Psychoanalysis as Spirituality

Psychoanalysis strives, first of all, to reveal the meaning of symptoms (not to mention dreams, slips, free-associations, transferences, and anything else mysterious in someone’s mental life and behavior). But this meaning is none other than the apparent but illusory good sought by the analysand. He may inquire, for instance: “What is the meaning of my coming late to sessions every day?” The hard-won answer will be something of this form: “I want my analyst to feel as though I don’t need him; I want him to feel worthless, to snub him, so that he will know how he makes me feel.” When such an apparent good comes to light, it reveals itself as illusory: “My analyst doesn’t make me feel unworthy, he’s waiting there patiently for me everyday; I think the person I really want to snub is my father; he’s the one who made me feel worthless.” When the analysand exposes such illusion himself, he grows in wisdom, not least by the acknowledgment that he unconsciously chose that illusory good and has clung to it all the while. He grows further in wisdom when he recognizes that his boss, and no doubt many others besides, have been victims of his illusion, since he has sought its apparent good from other relationships as well. His character changes, finally, when he can relate differently to these others, seeing them not as ghosts of his father—or his mother, or his siblings, or whomever—but instead as the unique individuals they really are.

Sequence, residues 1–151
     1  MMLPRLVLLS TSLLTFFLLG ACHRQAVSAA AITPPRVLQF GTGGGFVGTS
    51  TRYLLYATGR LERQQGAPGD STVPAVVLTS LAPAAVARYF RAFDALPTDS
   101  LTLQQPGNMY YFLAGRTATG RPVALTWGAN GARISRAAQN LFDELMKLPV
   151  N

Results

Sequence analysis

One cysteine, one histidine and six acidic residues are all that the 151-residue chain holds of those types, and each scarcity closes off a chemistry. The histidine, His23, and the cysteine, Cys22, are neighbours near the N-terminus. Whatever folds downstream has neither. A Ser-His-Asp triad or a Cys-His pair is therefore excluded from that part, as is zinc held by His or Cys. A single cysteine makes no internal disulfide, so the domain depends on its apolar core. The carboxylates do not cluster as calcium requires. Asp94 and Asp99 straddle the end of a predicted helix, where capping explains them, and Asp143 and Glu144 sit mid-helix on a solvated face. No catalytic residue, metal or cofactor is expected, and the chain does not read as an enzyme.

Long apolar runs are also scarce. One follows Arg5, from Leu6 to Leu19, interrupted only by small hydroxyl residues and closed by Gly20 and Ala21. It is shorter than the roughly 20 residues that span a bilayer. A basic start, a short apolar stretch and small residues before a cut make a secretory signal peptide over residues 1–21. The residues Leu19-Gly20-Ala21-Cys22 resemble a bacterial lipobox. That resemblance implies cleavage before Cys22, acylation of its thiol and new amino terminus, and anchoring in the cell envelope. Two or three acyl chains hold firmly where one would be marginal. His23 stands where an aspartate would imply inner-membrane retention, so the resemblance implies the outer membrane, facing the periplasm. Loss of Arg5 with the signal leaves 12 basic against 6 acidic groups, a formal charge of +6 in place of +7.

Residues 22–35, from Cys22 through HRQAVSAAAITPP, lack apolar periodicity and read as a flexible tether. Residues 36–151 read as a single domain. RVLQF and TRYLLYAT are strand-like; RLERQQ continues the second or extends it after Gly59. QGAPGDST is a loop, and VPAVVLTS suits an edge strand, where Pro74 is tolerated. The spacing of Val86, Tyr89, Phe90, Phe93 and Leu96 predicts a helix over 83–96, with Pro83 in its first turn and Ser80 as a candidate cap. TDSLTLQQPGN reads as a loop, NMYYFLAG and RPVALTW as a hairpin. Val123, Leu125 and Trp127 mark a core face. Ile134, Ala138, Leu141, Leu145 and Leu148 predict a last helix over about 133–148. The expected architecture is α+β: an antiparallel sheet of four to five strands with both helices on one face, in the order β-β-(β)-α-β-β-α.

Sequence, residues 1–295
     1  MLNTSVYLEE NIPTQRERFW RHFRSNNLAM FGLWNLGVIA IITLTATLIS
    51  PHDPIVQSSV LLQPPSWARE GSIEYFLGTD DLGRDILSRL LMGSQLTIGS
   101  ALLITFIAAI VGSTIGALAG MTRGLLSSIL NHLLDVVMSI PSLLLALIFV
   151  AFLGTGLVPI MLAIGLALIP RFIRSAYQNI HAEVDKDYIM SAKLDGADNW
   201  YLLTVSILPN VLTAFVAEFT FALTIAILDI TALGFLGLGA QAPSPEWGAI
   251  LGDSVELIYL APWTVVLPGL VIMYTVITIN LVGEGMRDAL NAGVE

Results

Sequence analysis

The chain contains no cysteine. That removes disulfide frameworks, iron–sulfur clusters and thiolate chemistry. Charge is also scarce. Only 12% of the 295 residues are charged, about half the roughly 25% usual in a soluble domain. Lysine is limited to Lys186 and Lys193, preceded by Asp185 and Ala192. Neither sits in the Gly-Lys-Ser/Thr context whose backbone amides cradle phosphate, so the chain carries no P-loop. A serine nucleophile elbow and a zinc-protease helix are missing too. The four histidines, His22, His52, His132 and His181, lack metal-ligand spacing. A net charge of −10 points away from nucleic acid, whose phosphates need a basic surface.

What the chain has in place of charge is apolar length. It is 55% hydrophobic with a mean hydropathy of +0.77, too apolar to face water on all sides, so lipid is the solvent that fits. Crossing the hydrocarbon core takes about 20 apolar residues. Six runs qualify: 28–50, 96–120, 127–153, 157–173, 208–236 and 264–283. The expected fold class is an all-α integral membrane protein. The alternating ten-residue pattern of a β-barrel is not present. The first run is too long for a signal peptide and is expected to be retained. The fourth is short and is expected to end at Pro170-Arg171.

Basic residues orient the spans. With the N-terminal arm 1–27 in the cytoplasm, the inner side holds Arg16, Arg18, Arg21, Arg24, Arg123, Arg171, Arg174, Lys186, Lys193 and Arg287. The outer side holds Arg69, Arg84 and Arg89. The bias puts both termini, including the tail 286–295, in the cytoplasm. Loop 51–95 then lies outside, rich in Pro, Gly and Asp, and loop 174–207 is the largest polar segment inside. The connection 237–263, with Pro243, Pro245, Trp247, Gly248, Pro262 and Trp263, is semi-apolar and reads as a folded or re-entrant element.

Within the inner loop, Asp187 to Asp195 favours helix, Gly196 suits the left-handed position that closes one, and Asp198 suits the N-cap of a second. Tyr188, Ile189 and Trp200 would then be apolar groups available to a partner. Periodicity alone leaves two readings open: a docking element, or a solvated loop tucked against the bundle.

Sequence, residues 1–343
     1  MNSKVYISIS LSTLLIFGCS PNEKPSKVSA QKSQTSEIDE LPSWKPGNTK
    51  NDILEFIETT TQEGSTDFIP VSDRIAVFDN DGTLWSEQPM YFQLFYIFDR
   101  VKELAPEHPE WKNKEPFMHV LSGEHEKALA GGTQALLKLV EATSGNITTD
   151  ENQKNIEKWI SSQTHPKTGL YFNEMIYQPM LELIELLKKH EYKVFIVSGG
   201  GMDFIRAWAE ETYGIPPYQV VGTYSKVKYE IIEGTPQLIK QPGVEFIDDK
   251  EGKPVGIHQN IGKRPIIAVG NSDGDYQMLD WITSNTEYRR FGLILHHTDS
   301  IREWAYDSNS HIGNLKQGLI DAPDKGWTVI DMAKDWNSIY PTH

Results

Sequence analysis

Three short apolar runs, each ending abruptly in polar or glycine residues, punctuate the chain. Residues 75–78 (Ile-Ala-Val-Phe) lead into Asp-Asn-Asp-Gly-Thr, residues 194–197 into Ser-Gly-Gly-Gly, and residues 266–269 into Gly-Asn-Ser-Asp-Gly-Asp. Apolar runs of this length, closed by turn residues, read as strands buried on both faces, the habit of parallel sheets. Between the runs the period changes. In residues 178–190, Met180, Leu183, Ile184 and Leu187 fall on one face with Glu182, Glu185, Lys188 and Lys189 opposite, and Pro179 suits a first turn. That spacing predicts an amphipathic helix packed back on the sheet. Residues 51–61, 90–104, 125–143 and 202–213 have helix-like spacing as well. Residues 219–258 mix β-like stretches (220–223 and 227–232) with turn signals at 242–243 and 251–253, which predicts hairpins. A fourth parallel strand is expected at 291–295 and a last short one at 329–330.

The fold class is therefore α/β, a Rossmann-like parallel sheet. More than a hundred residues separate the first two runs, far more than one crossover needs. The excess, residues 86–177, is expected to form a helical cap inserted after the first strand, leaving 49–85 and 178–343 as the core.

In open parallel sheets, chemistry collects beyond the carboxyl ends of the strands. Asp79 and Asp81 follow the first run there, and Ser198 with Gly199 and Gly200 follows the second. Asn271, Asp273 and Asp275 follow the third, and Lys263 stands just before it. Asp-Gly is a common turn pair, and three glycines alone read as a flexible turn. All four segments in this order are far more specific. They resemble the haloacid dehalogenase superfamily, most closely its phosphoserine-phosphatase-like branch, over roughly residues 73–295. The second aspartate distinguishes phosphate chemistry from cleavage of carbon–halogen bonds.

Read the whole thing over at The Immanent Frame, here.

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